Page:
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Tons of LIDARs at CES 2018

When it comes to robocars, new LIDAR products were the story of CES 2018. Far more companies showed off LIDAR products than can succeed, with a surprising variety of approaches. CES is now the 5th largest car show, with almost the entire north hall devoted to cars. In coming articles I will look at other sensors, software teams and non-car aspects of CES, but let's begin with the LIDARs.

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Top Robocar News of 2017

Here are the biggest Robocar stories of 2017

Waymo starts pilot with no safety driver behind the wheel

By far, the biggest milestone of 2017 was the announcement by Waymo of their Phoenix Pilot which will feature cars with no safety driver behind the wheel, and the hints at making this pilot open to the public.

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San Francisco bans delivery robots

San Francisco just passed legislation largely banning delivery robots on the city's sidewalks. The rule allows each company testing such robots to get a permit which would allow only a trivial number of robots, and limit them to industrial streets at low speeds for testing only.

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How can robocar transit affect the personal safety of transportation, especially regarding sexual assault?

One "story of the year" for Time was the #metoo campaign, where (mostly) women shared stories of how they had been sexually harassed or molested, to make it clear just how widespread the problem is. Almost all women have a story, or many stories, sad to say.

I have frequently heard reports from women of being groped on crowded public transit. People are packed in, and villains use the plausible deniability and anonymity of the packed crowd to grope.

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Warner Brothers and Intel experiment with in-robocar entertainment. Is that a good idea?

Intel and Warner made a splash at the LA Auto Show announcing how Warner will develop entertainment for viewing while riding in robotaxis. It's not just movies to watch, their hope is to produce something more like an amusement park ride to keep you engaged on your journey.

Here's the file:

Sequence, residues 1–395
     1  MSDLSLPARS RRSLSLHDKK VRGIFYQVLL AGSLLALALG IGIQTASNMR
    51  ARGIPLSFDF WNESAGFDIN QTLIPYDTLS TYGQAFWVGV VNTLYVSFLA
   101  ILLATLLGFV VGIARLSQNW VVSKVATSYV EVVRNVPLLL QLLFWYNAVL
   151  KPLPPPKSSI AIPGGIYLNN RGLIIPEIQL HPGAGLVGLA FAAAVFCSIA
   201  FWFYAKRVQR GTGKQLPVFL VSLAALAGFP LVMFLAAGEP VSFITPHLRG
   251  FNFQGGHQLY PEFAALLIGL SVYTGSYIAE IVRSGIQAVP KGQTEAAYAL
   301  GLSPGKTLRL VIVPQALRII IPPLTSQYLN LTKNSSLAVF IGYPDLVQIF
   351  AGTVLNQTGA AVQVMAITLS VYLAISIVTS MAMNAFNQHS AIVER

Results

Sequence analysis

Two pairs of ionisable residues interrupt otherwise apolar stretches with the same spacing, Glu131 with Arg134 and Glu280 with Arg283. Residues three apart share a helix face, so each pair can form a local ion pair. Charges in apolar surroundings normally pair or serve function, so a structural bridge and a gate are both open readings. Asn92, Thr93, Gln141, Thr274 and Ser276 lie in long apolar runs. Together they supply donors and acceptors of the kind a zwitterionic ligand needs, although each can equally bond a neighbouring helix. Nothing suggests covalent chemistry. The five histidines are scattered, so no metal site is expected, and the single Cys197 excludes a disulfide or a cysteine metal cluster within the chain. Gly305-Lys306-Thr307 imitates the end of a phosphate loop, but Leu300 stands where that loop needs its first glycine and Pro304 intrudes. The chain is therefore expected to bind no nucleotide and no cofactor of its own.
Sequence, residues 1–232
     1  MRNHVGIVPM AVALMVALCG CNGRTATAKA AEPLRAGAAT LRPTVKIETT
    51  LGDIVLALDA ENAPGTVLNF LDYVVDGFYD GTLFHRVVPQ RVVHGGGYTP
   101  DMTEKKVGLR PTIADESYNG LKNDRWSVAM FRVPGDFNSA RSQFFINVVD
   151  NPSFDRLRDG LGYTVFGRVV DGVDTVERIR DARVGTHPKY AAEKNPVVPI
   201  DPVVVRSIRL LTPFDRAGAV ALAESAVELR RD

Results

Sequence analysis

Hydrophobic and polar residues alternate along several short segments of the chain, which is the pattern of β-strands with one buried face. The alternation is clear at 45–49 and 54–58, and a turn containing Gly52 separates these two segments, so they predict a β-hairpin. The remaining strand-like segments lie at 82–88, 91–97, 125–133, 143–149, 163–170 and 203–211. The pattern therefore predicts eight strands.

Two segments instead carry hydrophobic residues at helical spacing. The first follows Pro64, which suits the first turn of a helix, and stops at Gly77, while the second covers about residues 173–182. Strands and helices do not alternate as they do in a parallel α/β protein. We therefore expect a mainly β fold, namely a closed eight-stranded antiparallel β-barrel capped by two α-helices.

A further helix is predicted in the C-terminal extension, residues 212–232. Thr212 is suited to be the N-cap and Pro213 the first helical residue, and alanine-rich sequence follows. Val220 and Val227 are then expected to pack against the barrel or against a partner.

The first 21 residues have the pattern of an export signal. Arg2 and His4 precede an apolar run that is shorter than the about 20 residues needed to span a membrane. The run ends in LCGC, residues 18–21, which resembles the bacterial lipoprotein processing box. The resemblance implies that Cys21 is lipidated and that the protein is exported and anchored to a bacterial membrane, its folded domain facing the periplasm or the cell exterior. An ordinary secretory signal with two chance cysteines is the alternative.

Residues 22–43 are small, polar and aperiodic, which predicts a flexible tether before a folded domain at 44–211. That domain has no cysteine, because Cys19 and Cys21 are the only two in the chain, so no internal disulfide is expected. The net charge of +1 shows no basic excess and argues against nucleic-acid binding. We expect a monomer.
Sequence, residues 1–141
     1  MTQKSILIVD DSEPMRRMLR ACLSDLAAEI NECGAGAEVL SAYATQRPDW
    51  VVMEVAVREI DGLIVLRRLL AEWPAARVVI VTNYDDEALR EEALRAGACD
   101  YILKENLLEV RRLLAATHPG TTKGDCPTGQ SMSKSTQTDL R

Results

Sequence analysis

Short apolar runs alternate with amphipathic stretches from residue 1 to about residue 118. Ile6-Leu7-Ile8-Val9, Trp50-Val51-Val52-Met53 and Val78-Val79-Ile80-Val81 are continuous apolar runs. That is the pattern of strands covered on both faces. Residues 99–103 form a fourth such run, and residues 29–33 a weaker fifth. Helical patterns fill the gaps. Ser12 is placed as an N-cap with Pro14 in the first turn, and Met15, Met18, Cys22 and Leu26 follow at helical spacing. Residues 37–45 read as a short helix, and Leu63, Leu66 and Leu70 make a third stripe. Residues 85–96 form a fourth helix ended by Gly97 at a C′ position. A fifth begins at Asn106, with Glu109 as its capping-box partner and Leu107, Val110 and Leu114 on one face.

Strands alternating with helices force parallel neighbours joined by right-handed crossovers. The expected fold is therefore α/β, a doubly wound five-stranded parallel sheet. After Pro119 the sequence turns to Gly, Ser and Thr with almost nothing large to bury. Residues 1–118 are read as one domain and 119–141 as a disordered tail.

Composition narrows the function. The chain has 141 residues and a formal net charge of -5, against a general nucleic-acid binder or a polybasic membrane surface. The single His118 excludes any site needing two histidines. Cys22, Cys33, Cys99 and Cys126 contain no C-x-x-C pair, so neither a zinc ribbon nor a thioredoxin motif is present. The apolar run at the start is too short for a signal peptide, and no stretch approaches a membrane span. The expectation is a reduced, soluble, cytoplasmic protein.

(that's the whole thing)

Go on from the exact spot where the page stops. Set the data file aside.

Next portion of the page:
Like most partnership announcements around robocars, this one is mainly there for PR since they haven't built anything yet. The idea is both interesting and hype.

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Has Uber already beaten private ownership on cost?

Today, various experts, like CR and the AAA rate the cost of private car ownership anywhere from 40 to 60 cents per mile, plus parking. That depends on your usage patterns, what car you buy and its age, plus a few other factors. Many people, though, pretend that using their car only costs the 8-12 cents/mile for gasoline. (A better estimate of the truly incremental cost without factoring in those things that don't vary with the miles is around 25 cents/mile.)

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DARPA challenge mystery solved and how to handle Robocar failures

A small mystery from Robocar history was resolved recently, and revealed at the DARPA grand challenge reunion at CMU.

The story is detailed here at IEEE spectrum and I won't repeat it all, but a brief summary goes like this.

In the 2nd grand challenge, CMU's Highlander was a favourite and doing very well. Mid-race it started losing engine power and it stalled for long enough that Stanford's Stanley beat it by 11 minutes.

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Uber buys 24,000 Volvos, Trolley Problems get scarier, and liability

Uber and Volvo announced an agreement where Uber will buy, in time, up to 24,000 specially built Volvo XC90s which will run Uber's self-driving software and, presumably, offer rides to Uber customers. While the rides are some time away, people have made note of this for several reasons.

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Robocar/LIDAR news and video of the Apple car

Robocar news is fast and furious these days. I certainly don't cover it all, but will point to stories that have some significance. Plus, to tease you, here's a clip from my 4K video of the new Apple car that you'll find at the end of this post.